FCC Votes to Boost Emergency Alerts With Links, Better Targeting

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When New York and New Jersey officials were searching for the suspected Chelsea bomber recently, they sent out an alert to area smartphones that urged residents to be on the lookout for a specific individual. The alert included his name and age, but told people to "See media for pic."

The man's photo was everywhere, so it wasn't that hard to find. But it still struck some as odd that in 2016, when we can seemingly do everything with our phones, that emergency alerts did not support photos.

Emergency AlertThe Federal Communications Commission this week took steps to change that when it approved new rules for the Wireless Emergency Alerts (WEA) system that, among other things, requires carriers to supports links to photos.

The update will also allow for messages with 360 characters (up from 90) over 4G LTE networks; embedded phone numbers that you can tap to call; messages that are targeted to more granular geographic areas; and Spanish-language alerts.

The agency also wants a new class of alerts, known as Public Safety Messages, that will help residents in local emergencies, like emergency shelter locations or a boil water order. State and local authorities will also be able to better test WEAs, train personnel, and raise public awareness about the service.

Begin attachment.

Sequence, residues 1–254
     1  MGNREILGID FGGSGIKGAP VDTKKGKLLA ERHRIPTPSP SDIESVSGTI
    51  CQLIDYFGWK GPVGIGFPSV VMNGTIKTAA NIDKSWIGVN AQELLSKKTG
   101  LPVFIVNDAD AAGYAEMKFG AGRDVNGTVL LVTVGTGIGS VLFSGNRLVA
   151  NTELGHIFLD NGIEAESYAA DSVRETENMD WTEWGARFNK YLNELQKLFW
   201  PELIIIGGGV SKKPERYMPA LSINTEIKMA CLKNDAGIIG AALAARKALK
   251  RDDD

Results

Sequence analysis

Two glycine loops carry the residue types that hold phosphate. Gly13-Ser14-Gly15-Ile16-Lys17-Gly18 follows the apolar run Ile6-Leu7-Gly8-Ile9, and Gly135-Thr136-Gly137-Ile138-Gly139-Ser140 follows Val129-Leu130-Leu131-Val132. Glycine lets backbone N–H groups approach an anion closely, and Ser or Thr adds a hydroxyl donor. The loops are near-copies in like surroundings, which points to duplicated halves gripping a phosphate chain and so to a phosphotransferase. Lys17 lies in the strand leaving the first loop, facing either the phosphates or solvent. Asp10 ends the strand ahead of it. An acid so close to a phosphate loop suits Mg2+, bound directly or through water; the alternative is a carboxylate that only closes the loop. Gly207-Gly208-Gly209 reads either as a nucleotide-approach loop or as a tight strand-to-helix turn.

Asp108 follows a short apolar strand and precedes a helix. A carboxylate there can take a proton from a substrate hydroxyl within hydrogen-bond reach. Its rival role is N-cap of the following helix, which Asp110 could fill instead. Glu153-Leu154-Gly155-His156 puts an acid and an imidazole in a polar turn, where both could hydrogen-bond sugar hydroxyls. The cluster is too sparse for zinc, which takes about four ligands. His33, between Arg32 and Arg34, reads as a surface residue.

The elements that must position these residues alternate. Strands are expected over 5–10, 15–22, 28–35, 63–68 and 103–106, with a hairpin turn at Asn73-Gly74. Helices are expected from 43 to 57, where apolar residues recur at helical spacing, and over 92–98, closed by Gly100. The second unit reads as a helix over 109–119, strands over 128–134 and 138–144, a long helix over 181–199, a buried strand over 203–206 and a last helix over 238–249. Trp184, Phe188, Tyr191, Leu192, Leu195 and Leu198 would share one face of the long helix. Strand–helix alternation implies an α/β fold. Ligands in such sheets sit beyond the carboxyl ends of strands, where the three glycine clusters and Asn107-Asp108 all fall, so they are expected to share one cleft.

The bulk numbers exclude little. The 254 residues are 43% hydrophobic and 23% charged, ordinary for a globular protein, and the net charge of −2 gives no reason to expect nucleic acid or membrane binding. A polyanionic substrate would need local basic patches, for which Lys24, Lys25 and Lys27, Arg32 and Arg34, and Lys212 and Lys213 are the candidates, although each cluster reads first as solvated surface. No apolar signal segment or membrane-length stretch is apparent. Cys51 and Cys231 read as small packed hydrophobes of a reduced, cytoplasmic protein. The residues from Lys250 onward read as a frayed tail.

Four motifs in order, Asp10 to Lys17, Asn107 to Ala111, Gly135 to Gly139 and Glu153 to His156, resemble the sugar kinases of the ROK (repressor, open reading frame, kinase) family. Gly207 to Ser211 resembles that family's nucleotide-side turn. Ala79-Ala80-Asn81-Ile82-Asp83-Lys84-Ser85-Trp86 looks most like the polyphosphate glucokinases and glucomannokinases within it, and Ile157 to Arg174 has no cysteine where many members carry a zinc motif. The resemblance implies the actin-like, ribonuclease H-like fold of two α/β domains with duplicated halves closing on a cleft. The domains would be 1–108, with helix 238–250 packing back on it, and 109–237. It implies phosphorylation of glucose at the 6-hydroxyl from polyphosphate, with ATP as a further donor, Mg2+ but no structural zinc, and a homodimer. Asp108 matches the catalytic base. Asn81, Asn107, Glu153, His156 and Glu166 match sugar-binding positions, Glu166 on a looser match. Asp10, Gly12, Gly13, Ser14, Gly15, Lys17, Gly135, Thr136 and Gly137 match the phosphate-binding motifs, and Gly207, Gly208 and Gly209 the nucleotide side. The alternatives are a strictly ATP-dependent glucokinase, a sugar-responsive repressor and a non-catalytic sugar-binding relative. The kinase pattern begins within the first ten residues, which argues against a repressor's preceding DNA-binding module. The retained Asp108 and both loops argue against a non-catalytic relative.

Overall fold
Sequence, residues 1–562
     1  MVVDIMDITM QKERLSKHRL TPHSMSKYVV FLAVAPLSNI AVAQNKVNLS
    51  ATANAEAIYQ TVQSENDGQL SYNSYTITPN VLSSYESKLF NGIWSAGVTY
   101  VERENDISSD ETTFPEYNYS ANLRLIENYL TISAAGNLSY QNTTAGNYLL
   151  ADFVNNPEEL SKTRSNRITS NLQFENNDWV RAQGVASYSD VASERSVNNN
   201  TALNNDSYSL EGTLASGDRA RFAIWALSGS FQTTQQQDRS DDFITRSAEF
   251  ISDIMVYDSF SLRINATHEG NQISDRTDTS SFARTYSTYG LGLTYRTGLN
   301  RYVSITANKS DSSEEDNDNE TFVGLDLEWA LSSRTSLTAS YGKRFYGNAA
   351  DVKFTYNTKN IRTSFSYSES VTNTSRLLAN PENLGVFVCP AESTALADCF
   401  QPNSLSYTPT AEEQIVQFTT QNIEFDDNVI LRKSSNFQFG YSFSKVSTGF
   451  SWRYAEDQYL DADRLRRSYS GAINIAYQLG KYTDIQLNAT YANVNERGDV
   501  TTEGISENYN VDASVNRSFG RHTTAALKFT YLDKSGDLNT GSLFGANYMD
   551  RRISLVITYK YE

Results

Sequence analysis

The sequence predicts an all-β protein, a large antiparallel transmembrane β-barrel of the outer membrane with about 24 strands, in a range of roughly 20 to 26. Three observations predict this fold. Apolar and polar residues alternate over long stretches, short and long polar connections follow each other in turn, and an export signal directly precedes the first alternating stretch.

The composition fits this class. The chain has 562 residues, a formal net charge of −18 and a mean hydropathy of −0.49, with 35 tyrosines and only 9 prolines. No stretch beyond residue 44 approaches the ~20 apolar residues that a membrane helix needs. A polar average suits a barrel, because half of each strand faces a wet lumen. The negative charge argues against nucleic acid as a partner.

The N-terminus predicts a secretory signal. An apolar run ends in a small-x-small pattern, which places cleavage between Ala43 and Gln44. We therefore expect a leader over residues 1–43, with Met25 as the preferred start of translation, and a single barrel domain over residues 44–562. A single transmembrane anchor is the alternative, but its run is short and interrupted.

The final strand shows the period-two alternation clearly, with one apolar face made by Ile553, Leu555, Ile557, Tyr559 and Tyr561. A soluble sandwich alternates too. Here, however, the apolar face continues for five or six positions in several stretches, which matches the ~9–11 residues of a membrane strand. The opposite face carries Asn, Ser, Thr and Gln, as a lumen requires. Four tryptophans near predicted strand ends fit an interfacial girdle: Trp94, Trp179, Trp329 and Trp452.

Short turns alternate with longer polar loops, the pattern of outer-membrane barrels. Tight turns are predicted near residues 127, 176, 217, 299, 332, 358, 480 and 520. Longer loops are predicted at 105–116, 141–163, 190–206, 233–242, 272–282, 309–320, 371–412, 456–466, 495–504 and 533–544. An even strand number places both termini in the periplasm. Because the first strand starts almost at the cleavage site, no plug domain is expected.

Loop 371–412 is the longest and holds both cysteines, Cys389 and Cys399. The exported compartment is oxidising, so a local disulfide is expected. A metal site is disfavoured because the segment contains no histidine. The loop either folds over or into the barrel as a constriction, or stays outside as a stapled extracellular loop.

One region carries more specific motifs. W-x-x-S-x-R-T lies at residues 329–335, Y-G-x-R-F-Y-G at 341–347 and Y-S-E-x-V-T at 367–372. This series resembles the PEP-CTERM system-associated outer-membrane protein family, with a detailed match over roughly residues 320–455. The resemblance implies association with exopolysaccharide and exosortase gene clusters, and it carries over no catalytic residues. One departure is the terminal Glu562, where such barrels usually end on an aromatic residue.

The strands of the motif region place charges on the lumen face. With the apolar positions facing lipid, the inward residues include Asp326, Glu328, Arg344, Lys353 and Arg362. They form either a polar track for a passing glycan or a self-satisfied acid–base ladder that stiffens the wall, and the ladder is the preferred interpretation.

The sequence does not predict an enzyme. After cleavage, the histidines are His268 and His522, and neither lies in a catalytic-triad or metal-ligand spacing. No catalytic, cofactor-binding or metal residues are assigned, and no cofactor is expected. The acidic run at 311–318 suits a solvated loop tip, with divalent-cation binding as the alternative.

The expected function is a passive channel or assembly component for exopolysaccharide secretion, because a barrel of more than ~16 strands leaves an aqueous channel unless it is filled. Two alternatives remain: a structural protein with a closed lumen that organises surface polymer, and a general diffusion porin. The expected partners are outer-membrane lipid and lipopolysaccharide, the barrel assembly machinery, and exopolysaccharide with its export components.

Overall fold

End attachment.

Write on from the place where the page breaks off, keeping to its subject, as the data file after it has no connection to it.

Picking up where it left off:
Right now, WEAs are issued for messages from the president, Amber Alerts, and alerts involving imminent threats to safety or life. Mobile users are not charged for receiving WEAs; they are automatically enrolled to receive them, though they can turned off in a phone's settings.

"Since its launch in 2012, Wireless Emergency Alerts have notified Americans via their cell phones about severe weather, missing children, and other emergencies. These notifications have, quite simply, saved lives," FCC Chairman Tom Wheeler said in a statement. "With these new rules, we are taking action to make this life-saving service even more useful by incorporating lessons learned from the first four years of service and by levering technological advances."

Republican Commissioner Michael O'Rielly, however expressed concern about "requiring participating wireless providers to add functions that are not based on what can reasonably be achieved with existing technology in realistic timelines."

Carriers have 12 to 30 months to complete these upgrades. O'Rielly says "42 months or 24 months from the completion of all relevant standards, whichever is earlier...is a far more reasonable timeframe.

"We also need to consider that standards bodies have their hands full right now preparing for nextgeneration technologies," he continued. "I certainly wouldn't want to see 5G deployments stuck on the sidelines in order to incorporate not-ready WEA solutions into the development of 5G networks and devices."

Democratic Commissioner Mignon Clyburn, however, argued that "time is of the essence" when it comes to improving WEAs.

The order will be open to public comment.

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